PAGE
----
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Slagel, N.; Thompson, J.J.; Lee, J.S.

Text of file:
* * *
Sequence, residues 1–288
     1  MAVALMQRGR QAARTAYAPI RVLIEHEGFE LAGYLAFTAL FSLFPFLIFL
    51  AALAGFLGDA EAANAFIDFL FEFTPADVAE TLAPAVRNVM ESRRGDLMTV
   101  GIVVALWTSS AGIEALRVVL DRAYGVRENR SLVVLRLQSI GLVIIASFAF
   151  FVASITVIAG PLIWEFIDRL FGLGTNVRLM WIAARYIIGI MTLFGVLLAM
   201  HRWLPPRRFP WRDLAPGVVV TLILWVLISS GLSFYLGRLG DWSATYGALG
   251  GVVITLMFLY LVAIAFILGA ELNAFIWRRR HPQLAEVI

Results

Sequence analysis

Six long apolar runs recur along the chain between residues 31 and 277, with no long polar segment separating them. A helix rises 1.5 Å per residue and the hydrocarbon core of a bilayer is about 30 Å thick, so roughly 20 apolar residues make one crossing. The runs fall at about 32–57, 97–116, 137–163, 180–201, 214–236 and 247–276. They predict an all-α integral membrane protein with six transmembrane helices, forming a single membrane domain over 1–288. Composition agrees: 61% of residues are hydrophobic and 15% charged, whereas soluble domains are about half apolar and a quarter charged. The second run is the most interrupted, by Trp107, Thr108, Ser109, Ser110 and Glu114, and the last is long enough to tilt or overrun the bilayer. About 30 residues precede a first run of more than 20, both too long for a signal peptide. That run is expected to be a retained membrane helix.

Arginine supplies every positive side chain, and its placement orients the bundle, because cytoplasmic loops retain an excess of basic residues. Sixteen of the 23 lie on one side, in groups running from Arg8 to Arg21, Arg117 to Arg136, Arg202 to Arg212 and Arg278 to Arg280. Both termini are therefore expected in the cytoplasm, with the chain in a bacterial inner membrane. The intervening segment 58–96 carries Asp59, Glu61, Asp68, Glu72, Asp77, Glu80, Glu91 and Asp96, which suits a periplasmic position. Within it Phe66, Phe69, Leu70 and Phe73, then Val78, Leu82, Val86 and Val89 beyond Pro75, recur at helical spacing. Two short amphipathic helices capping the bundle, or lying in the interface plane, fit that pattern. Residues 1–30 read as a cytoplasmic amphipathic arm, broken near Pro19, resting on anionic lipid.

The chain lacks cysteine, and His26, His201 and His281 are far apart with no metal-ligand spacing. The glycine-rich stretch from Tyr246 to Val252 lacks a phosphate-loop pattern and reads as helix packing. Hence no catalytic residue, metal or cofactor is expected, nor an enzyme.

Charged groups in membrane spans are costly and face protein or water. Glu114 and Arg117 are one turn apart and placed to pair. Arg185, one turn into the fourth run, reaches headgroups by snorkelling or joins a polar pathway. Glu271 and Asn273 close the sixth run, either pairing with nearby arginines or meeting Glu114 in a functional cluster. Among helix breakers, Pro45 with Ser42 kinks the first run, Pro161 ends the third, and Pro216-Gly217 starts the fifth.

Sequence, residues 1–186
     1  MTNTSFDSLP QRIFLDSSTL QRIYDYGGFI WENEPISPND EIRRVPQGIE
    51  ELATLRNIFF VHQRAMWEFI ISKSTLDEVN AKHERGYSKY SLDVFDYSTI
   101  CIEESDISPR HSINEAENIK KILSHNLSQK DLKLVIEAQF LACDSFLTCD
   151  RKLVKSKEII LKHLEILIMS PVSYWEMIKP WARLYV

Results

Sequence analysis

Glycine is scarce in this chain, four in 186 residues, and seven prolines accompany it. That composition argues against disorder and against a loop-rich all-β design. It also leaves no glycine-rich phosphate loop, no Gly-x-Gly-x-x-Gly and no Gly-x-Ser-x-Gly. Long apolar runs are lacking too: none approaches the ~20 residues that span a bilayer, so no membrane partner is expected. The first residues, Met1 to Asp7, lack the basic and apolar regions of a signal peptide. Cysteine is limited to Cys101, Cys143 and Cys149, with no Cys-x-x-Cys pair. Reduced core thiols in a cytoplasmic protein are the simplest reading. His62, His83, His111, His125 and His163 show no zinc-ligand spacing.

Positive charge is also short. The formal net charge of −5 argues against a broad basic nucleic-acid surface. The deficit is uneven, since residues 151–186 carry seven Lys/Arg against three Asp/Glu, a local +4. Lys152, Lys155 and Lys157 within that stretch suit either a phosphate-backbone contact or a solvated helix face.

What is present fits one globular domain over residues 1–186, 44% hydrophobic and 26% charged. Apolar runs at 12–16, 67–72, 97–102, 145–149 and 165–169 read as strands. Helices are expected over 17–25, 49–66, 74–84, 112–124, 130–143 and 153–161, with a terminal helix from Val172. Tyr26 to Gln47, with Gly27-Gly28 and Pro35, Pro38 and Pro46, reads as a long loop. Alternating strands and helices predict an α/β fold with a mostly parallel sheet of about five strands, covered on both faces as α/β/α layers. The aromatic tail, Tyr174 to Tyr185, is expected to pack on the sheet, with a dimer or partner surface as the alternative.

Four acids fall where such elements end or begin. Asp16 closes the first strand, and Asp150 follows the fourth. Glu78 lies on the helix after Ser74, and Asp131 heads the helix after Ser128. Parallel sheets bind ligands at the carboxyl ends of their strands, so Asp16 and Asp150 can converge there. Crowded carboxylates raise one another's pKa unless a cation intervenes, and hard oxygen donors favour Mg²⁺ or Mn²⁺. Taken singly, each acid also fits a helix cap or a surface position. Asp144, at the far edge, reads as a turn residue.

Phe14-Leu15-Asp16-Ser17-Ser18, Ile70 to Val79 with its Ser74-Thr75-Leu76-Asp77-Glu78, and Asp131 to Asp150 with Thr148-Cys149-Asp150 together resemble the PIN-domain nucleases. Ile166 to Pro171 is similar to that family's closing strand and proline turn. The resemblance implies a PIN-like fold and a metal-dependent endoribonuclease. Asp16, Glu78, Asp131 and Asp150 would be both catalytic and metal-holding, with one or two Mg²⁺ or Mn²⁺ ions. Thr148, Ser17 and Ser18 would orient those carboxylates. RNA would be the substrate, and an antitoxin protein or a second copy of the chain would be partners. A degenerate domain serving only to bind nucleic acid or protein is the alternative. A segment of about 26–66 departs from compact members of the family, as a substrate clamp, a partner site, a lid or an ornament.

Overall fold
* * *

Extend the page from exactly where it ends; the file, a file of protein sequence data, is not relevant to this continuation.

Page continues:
Objective: To examine Fruit and Vegetable Prescription (FVRx) Program participants’ and nonparticipants’ experiences and perceptions of farm direct (FD) settings. Design: Multiple-case study of adults with low income from 3 study groups: (1) FVRx intervention (produce prescription, nutrition education [NE], financial literacy education, health screening), (2) NE only, and (3) control (standard health care). Participant interviews with each group at baseline and 6 months. Setting: Supplemental Nutrition Assistance Program-Education (SNAP-Ed) eligible adults from 3 Georgia counties. Participants: A total of 46 adults with ≥ 1 diet-related condition. Phenomena of Interest: Fruit and Vegetable Prescription Program participant and nonparticipant experiences and perceptions of FD settings. Analysis: Constant comparative methods and thematic analysis of qualitative interview data across groups. Findings: Two main themes emerged: (1) baseline FD setting experiences and perceptions and (2) divergent experiences and perceptions with FD settings postintervention. Participants across each group employed price-conscious food purchasing practices because of limited food budgets, limiting local food access. Combining produce prescription, NE, and farmers’ market access enhanced FVRx participant associations with FD settings to reinforce motivation for accessing and purchasing fruits and vegetables beyond program participation. Conclusions and Implications: Fruit and Vegetable Prescription Programs reduce multiple barriers to participating in FD settings compared with NE or standard health care alone. © 2022 Society for Nutrition Education and Behavior